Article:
But I’m in Voice Over… Do I Really Need a Headshot?
Did you know that every professional using social networks needs a headshot?
Many voice actors continue to question whether or not their look should matter because people are just hearing their voices. While that may hold true so far as MP3 files go for auditions, it certainly isn’t the case when being found via search or in directories of talent where headshots are par for the course.
Still not convinced?
4 Guidelines for a Great Headshot
- Looks like you on your best day
- Captures a fully realized, alive moment
- Tells us something about you and how to cast you
- Makes us want to know more about you
Jessica recognizes that being your best self and having an image that communicates that will help you to book more roles. If you have multiple images, maintain some degree of consistency to unify your visual style.
How Style Plays into Voice Casting
We’ve talked before about how casting is all about selection, not rejection. While image plays a greater role in casting for on-camera actors, remember that the sound of an actor’s voice and how they interpret a script plays a greater role in casting voice talent than anything else.
Look matters just as much for on-camera talent as sound does for voice actors.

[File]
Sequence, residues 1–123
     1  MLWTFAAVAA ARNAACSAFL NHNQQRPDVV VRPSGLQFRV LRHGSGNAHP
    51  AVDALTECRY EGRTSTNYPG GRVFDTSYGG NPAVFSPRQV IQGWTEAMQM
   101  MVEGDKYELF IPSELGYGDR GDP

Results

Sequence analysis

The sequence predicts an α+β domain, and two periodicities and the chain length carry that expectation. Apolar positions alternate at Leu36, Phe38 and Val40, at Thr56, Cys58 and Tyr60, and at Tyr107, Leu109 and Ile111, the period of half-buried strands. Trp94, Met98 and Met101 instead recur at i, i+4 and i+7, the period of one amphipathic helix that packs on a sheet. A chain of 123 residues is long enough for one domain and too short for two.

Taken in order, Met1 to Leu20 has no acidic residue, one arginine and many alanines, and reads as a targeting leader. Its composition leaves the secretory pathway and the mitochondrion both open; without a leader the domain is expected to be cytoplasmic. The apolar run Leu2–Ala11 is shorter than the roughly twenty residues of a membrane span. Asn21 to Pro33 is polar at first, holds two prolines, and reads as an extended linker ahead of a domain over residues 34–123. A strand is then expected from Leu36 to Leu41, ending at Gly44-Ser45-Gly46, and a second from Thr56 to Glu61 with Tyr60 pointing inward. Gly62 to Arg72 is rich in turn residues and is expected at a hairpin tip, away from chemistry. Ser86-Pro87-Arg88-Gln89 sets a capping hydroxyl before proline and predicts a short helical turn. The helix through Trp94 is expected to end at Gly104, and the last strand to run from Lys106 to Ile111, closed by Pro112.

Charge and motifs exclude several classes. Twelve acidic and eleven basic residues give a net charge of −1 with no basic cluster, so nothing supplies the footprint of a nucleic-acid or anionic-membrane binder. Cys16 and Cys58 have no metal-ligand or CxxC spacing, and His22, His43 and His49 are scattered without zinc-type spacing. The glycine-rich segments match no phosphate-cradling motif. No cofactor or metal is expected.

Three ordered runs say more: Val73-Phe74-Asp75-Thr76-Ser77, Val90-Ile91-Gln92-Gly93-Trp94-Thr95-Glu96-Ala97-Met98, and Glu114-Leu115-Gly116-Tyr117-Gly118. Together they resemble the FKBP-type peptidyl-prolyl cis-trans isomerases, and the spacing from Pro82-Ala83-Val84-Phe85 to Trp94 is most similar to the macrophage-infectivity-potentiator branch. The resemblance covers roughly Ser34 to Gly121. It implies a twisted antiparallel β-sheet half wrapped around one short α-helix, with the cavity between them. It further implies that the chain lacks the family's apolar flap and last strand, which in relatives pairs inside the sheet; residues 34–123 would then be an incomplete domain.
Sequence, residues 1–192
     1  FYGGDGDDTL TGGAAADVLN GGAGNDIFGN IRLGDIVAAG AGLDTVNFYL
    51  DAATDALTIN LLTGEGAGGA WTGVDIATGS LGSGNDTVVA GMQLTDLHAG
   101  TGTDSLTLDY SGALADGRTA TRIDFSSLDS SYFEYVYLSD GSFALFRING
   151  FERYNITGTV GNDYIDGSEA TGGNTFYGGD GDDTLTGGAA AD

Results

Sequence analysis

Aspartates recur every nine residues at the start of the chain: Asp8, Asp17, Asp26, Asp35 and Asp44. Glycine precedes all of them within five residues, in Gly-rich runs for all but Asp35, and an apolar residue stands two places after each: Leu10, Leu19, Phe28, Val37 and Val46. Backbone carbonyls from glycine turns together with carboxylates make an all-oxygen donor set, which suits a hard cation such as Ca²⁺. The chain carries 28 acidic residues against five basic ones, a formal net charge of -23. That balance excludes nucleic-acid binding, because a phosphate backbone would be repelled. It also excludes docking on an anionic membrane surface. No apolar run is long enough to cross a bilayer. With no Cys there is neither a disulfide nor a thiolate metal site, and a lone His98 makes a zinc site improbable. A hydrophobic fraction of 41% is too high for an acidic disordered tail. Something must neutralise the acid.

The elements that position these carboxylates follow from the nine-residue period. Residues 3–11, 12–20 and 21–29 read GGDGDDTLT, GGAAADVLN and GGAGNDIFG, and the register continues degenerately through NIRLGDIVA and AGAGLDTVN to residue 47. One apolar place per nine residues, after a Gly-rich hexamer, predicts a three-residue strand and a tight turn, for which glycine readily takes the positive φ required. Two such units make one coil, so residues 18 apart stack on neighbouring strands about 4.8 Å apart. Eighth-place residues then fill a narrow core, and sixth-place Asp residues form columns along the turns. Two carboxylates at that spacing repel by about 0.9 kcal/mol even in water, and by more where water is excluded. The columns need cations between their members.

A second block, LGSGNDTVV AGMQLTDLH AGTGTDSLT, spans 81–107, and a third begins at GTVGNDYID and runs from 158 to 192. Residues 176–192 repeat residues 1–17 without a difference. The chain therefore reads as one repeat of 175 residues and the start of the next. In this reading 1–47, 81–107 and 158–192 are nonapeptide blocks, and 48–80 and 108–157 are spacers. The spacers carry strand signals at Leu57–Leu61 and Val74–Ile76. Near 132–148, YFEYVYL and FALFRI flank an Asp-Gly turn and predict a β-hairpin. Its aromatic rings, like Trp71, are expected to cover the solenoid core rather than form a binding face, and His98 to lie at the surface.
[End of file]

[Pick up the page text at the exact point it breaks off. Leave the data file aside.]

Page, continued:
Just like a casting director can tell from an actor’s headshot if they’re right for the role, how you sound will be evident in the first few seconds to a trained ear.
What are people listening for to determine the “how” of your sound? Your voice type and voice age will be obvious followed by the general attitude behind what you’re saying.
According to Jessica, as personal as your image is to you, it is not personal to casting. They are casting you based on a picture and hoping you will solve their problem. Actors don’t lead with their training, but their image. If they call you in for a part and you don’t look like your picture, it’s as arbitrary as the casting person ordering pizza for lunch and instead the delivery guy brought them a salad.
The Age Old Question: Logo or Headshot?
You might be sitting on the fence with this one, so I thought we’d take a closer look at the whole logo versus a picture question. Voice artists pride themselves on being chameleons of sorts, being able to sound differently for a given role be it voice age, vocal range, accent or otherwise.